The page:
I hope to see you in Anaheim. I want to fellowship with you. I desire to help Southern Baptists see better days in the future, and I know you do as well.

CP Stage to encourage a ‘laser focus’ on unity, generosity, diversity Thu, 05 May 2022 21:06:46 +0000 ANAHEIM (BP) – A drive toward unity in the Gospel and taking the Great Commission to the nations will permeate the presentations and discussion at the Cooperative Program Stage at the 2022 SBC Annual Meeting, organizers say.]]>

ANAHEIM (BP) – A drive toward unity in the Gospel and taking the Great Commission to the nations will permeate the presentations and discussion at the Cooperative Program Stage at the 2022 SBC Annual Meeting, organizers say.

“It will be an opportunity for messengers to hear firsthand reports about a variety of SBC missions and ministries, and ‘listen in’ on hard-hitting and relevant panel discussions which orbit around important issues for Southern Baptists,” said Willie McLaurin, interim SBC Executive Committee president and CEO. “The 2022 Cooperative Program stage has been designed to put a laser-sharp focus on unity, generosity and diversity.”

The theme of the annual gathering, held this year at the Anaheim Convention Center, is “Jesus: The Center of It All.” Due to shifting personal schedules, messengers are encouraged to monitor the Annual Meeting app for the latest information on CP Stage speakers and times.

Both the International Mission Board and North American Mission Board will feature prominently, with the latter hosting various panel discussions ranging from the future of the SBC to church planting and adoption and foster care.

First Baptist Church, Cleveland, Tenn., Pastor Jordan Easley will moderate several of those discussions. The first will be “Creating A Church Culture That Looks Like & Ministers To Your Community” on June 13. It will be followed by “Forecasting the Future of the SBC: What Are The Main Things We Need To Focus On As We Move Forward To The Future?”

National Next Gen Director Shane Pruitt and NAMB National Collegiate Director Paul Worcester will discuss student and collegiate ministry issues with “Reaching the Next Generation.” NAMB President Kevin Ezell – who alongside his wife, Lynette, has raised six children, three of them adopted – will lead a panel on adoption and foster care.

Sessions commence each day at 8:30, with the June 13 slate beginning with “Making Disciples Who Live on Mission” led by Sandy Wisdom-Martin, Woman’s Missionary Union executive director-treasurer. Later, the National African American Fellowship will host a panel on “Finishing Well” and that afternoon McLaurin will be interviewed about his new book “The Winning Way.”

“We all have lessons that we pick up along the way,” McLaurin said. “Those lessons have shaped our philosophy on how we engage and develop others. The lessons deepen our faith and challenge us to think and live differently. The set of working principles in this book were derived from such a lesson.”

IMB President Paul Chitwood will be on stage as well for at least two of the entity’s three sessions. Those sessions will cover the importance of having an ongoing Southern Baptist missionary presence around the world as well as how the IMB is sending more missionaries and opening more pathways for Southern Baptist churches to participate in short-term and long-term missions work.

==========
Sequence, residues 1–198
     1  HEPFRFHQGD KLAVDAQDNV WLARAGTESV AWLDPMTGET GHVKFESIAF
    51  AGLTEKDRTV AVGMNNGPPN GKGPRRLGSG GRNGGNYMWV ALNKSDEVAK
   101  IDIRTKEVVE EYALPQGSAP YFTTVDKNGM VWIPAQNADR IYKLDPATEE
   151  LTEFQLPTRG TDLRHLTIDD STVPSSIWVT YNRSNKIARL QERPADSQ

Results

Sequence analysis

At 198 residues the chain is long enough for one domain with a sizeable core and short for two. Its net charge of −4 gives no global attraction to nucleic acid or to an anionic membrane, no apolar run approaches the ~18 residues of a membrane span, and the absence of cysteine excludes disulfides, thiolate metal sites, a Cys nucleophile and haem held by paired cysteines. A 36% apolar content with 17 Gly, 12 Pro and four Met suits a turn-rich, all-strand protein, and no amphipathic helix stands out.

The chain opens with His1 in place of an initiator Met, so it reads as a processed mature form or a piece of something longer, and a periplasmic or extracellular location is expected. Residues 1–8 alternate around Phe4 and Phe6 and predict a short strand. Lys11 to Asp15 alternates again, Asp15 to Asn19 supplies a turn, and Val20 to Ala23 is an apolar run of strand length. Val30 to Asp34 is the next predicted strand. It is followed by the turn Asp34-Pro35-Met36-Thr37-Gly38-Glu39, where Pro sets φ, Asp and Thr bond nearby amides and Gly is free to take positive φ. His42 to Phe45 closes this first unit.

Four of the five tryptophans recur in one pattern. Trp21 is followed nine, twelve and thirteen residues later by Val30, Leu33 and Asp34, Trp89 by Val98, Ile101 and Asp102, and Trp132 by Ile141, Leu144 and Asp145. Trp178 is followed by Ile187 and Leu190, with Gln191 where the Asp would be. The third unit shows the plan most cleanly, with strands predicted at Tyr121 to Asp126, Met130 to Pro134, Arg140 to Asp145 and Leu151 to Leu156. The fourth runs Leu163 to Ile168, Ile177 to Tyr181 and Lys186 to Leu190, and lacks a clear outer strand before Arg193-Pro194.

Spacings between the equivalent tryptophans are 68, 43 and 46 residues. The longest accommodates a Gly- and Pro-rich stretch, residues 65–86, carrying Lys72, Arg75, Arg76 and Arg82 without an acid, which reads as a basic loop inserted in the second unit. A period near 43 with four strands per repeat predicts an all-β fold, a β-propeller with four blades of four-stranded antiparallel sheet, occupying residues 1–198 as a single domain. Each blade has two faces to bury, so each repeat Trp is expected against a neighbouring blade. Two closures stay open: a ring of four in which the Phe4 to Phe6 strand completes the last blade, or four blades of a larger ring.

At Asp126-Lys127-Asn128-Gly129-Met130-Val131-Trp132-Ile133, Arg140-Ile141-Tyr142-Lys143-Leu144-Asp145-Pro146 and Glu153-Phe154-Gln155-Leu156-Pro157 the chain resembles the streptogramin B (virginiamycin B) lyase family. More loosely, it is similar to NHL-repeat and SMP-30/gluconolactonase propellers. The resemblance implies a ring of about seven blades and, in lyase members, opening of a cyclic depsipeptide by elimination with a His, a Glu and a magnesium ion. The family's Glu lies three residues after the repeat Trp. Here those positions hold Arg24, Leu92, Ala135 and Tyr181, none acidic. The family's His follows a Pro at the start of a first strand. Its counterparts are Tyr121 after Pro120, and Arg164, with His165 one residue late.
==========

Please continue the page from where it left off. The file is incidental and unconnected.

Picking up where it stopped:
The IMB and Send Relief have been active in ministering to those impacted by the war in Ukraine since the beginning. Another session will address how the IMB has used digital strategies for Gospel engagement in and around the country during the conflict.

Earlier this year Gateway Seminary President Jeff Iorg testified to what is special about ministry in California in a Baptist Press First Person. Those points are certain to resurface in the panel he will lead in the final Monday session – “As California Goes.”

Luis Lopez, SBC EC executive director for Hispanic Relations and Mobilization, will lead an especially timely session June 15 titled “Leading the Church out of the COVID-19 Crisis.”

“I really hope this session will provide those attending an opportunity to learn more about the impact the COVID crisis has had on ourselves, the church and the world,” he told BP. “We hope to discuss what are some of the lessons we, as churches, have learned from the pandemic. It is one thing to lead the church during a crisis; it is another thing to lead it out of it.

“The idea is to help us think about how we are coming out of this period and the challenges the post-COVID church faces. We want to learn from real practitioners – pastors from different church sizes – what we can learn about how to lead the church out stronger and learn how we are adapting to the new realities.”

McLaurin agreed that a variety of voices can only make the SBC stronger for the purpose of spreading the Gospel.

“The platform participants will provide relevant and usable information that will assist pastors and churches in advancing the Great Commission,” McLaurin said. “I am thrilled that the Cooperative Program panel discussions speak to every generation.”

Southern Baptists will also have more than 147,000 square feet of exhibit hall space in which to speak with representatives from various organizations. Exhibit information regarding SBC entities will be updated below as it is received by Baptist Press.

GuideStone Financial Services